We were looking at the Elasticity of markets, Supply and Demand.

http://en.wikipedia.org/wiki/Supply_and_demand

The example we were using was the farm market. In the example variables increased production while demand remained the same. When demand is lower than production increases in supply drive down profits, so even if you produce more at less expense you still make the same profit or less. Only when demand is higher than available production do profits rise, but even then given the variables over all income can remain flat. For example if a natural disaster creates a loss of production the increased demand raises prices but the loss of production balances the profits.

So it seems to me that if for example museums start to sell off assets, works of art the fire sale will drive value and profit down and in the long run everyone will lose. Just look at the Auto Companies or the housing market. Great deals will emerge from the flood of art into a depressed market but the flood will devastate value and profit. Perhaps Art Organizations can learn from the lessons of farming. Farmers often store their grain until markets become favorable.

Perhaps as bad as it will sound Museums and other Art Organization should temporarily close or reduce schedules until the viability of the market returns. They then would still have their assets. Many large organizations could use their collections or their talent in better or more efficient ways to reduce operating costs and maintain profits. Maybe they could find other ways to generate income from their collections and at the same time help smaller organizations present exhibits and performances that are more dynamic.

As an example, a big organization could loan artwork to a small organization. The two could share revenue generated by the exhibit as partners. Done creatively smaller organizations could increase the quality of their exhibits and stimulate increased attendance/audience. The big organization could create income from under utilized parts of their collection and increase audience and income. After all most big museums only exhibit small portions of their collections at any given time. Activity creates income for everybody.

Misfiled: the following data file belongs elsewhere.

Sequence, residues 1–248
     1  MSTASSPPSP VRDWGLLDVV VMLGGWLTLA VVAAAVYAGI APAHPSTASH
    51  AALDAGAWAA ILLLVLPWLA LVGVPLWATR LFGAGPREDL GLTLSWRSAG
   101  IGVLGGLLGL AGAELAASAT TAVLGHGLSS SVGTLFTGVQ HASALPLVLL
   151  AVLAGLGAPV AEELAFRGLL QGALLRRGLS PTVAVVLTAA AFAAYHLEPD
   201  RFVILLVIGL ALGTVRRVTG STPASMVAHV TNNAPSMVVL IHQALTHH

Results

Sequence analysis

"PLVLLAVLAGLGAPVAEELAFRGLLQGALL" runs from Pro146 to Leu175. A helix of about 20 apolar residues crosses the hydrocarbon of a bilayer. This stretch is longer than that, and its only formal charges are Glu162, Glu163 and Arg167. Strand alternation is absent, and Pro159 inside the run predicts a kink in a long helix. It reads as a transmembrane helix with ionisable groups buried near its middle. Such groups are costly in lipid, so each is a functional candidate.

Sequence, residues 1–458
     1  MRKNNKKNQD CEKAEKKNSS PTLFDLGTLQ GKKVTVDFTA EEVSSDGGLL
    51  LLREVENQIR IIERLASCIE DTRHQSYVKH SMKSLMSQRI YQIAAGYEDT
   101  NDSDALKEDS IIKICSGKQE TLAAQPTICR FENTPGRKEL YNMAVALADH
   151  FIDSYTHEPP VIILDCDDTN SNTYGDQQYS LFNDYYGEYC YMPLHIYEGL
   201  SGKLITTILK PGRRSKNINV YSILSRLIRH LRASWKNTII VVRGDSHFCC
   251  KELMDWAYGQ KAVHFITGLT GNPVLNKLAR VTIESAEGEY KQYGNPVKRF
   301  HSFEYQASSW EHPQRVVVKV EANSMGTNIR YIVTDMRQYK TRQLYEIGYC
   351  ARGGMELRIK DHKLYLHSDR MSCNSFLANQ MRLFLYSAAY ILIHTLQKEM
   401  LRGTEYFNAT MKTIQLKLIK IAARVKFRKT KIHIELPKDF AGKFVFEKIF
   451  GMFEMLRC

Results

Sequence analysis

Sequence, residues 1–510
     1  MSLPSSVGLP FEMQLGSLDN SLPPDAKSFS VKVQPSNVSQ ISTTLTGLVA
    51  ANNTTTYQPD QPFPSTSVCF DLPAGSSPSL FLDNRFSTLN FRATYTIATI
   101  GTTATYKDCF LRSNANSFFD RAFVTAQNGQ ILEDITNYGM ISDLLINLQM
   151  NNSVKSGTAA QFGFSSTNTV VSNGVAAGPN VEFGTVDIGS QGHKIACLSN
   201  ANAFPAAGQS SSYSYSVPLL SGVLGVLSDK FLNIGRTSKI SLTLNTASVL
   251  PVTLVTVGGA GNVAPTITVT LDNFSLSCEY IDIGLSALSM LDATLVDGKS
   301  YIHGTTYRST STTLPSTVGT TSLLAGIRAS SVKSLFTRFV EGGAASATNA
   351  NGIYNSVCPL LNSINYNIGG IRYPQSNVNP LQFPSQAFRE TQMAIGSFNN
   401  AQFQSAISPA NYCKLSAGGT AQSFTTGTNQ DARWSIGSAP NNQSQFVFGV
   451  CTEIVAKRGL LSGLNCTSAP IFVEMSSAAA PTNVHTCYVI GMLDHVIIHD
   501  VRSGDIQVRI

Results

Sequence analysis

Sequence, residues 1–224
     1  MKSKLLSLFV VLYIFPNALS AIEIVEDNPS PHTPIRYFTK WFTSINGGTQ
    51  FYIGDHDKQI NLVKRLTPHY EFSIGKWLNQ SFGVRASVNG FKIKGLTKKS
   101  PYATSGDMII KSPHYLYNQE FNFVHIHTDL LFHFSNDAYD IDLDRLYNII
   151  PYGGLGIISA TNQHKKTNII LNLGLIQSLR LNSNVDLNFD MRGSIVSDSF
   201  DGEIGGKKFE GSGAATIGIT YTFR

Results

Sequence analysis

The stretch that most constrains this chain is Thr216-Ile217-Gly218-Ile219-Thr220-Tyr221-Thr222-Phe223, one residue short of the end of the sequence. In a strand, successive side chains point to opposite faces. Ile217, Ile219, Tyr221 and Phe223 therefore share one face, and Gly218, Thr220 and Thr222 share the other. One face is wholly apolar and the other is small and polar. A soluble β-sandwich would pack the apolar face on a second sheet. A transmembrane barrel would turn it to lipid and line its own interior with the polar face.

I am sure Brandeis University could find another organization that would love to show artwork from their collection. They could also earn income from the loans of artwork even if the Rose Museum temporarily closed. They could possibly find more value in keeping their collection intact than they will earn by selling it off as a depreciated asset. Of course, they would have to figure out how to make a program work in a distressed market, but they are a university. Surely, someone on the university staff can figure out a smart (Creative) way to proceed forward and create a profitable program.

Maybe they could ask the folks over at the Museum Loan Network for advice; they have been working with large organizations for years, helping those organizations use their collections more effectively.

Museum Loan Network

http://dl.lib.brown.edu/mln/about.html

As an example: One organization reduces operational activities. They collaborate with an organization that is in better shape. They charge a reasonable fee to package and ship the exhibit. Then both organizations share revenue generated by exhibit. Movie companies have operated this way successfully for years. Your local movie theaters make profit from supportive activities, like popcorn and soft drink sales. Surely, the brainpower in the Arts can figure out supportive revenue programs combined with admission fees and memberships sales. Even the last two areas will produce profit when program quality and interest increase.

header4

Small potatoes, well small potatoes can add up to big profits. Just look at what Matt Jones in Seattle has accomplished with his Mashed Potatoes program at Gasworks Gallery in Seattle. The Cooperative Gallery charges an admission fee paid for in potatoes or food for the food bank. They have raised millions of pounds of potatoes and other food supplies for the local food bank one potato at a time. http://www.mashedpotatoes.org/

Gasworks Gallery: http://gasworksgallery.com/

Matt Jones Delivers 50,000 pounds of potatoes You Tube http://www.youtube.com/watch?v=122fGSv4T8o

My advice to the Art Organizations of America is get creative and find sustainable solutions to your problems before you sell the cow for some magic beans.

Advertisements